Executive’s Guide to the modern metrics framework for customer success and support (OCMFgroup.org)

The Open Customer Metrics Framework is the open, modern measurements framework that helps support and success leaders measure what actually matters.

Created by a group of award-winning practitioners and experts, OCMF is designed to facilitate an environment of learning and dialogue.  

This is the first in a series that walks through the standard, and the thinking behind it.

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Time to Smile: The new killer internal Customer Experience metric?

While support executives have made great strides in making sure our teams think about the customer first, this way of thinking runs smack into reality when we reach across internal departments to get an issue solved for a customer. The further away you get from people who interact with customers on a daily basis, the more likely you are to go from a personal, emotional connection with a customer and their issue to an ‘escalation’ (read: interruption from my ‘real’ job) that has to be dealt with.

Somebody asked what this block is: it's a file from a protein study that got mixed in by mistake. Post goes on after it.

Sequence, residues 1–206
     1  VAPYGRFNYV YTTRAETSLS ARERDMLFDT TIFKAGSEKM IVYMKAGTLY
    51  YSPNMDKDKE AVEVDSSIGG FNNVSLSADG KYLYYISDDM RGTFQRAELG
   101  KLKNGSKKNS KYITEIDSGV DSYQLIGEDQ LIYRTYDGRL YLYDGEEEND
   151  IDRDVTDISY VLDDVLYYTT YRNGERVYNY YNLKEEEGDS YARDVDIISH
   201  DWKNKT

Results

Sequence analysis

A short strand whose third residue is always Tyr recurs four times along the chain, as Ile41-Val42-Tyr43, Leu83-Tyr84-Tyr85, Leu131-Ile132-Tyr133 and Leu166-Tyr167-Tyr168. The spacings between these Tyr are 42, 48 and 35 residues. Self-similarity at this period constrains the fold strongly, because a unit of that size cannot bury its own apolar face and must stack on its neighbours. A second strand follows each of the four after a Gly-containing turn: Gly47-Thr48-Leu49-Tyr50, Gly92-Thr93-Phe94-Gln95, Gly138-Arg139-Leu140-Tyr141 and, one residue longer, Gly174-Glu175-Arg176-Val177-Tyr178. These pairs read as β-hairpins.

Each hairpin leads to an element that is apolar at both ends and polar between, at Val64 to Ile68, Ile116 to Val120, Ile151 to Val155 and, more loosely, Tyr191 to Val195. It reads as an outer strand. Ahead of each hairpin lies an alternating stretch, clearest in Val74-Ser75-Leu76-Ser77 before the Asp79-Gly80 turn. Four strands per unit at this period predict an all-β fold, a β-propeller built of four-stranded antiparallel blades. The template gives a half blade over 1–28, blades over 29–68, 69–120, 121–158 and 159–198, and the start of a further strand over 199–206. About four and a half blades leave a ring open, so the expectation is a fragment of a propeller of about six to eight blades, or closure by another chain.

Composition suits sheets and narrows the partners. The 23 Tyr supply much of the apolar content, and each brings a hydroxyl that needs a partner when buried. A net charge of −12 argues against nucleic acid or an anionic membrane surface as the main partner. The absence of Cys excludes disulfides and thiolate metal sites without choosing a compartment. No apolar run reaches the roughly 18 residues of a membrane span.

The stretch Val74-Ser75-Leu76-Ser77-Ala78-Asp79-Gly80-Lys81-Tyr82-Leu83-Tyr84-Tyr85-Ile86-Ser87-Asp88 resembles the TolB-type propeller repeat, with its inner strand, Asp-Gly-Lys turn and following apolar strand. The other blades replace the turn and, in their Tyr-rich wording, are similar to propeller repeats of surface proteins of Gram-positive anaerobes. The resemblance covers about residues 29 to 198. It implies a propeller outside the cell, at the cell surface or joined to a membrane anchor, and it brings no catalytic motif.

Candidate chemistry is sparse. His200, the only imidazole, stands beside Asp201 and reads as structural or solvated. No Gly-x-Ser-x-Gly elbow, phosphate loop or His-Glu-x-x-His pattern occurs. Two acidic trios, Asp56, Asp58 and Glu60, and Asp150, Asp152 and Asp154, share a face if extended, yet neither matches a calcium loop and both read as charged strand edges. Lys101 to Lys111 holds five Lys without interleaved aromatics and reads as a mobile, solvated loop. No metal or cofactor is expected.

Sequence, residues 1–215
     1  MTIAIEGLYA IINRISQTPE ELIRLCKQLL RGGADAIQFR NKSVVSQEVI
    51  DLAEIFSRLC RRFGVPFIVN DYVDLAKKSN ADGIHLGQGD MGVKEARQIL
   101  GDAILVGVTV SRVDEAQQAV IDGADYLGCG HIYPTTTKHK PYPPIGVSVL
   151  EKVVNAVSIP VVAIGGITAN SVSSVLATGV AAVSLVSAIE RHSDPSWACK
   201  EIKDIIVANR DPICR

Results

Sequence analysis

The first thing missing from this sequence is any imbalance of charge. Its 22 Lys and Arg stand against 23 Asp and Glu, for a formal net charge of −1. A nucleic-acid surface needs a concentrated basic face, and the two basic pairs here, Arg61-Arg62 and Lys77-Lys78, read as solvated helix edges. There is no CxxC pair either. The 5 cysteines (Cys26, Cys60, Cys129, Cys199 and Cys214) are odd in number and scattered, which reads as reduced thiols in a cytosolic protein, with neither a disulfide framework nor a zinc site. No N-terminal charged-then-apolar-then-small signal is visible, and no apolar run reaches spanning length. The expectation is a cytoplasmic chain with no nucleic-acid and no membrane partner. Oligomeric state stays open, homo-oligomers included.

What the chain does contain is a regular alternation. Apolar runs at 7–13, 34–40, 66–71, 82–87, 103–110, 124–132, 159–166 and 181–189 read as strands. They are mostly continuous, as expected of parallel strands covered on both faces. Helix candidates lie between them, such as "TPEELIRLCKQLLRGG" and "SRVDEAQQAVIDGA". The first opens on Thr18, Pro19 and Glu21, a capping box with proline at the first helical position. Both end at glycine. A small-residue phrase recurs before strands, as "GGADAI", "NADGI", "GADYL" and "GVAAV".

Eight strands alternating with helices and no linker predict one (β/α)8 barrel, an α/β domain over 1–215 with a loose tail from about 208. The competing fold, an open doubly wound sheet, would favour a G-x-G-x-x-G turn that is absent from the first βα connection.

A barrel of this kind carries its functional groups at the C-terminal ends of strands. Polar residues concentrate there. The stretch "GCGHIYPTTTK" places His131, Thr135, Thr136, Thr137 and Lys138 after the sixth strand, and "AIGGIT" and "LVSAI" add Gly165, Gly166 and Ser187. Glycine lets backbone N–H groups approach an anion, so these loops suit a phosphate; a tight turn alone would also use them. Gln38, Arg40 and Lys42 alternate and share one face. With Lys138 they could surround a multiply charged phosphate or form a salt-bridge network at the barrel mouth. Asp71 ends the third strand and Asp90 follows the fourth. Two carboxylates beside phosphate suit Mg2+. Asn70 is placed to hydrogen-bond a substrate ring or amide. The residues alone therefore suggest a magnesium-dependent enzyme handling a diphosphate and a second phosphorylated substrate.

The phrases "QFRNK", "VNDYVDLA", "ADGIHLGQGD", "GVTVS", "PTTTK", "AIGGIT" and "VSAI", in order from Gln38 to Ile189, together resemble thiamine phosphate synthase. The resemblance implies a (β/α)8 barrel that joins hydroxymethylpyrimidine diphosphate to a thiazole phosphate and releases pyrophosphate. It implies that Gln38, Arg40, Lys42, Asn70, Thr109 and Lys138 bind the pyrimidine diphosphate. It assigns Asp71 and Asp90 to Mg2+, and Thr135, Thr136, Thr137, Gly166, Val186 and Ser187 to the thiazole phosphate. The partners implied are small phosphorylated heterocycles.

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Measures: Try Guiding, not Grading

Look carefully what separates ‘success that lasts’ from ‘yet another shiny-object-turned-failed-initiative’, and you will often find the same root cause. Measures, and how they are used. Specifically if they are used to ‘grade’ people or if they are use to guide people to do better.

This was the same obstacle we noted in the last post — the one thing standing in the way as we moved from focusing on Knowledge to Knowledge-in-Action.

If you are what you measure, customer support/service (and if we aren’t careful, customer success) is in a terrible place because most of what we measure is based on outdated phone-based call center metrics from the last century.

The problem is that our world of customers and employees is complex, and we have no way of knowing what specific thing we did caused a specific outcome. We don’t have a way to measure what is important, so what we can measure becomes important.

Even worse, we often put ‘goals’ on activities — the predictable result of which is a set of bad behaviors with poor outcomes for our customers and our employees. We end up ‘grading’ people, and no one likes being managed that way.

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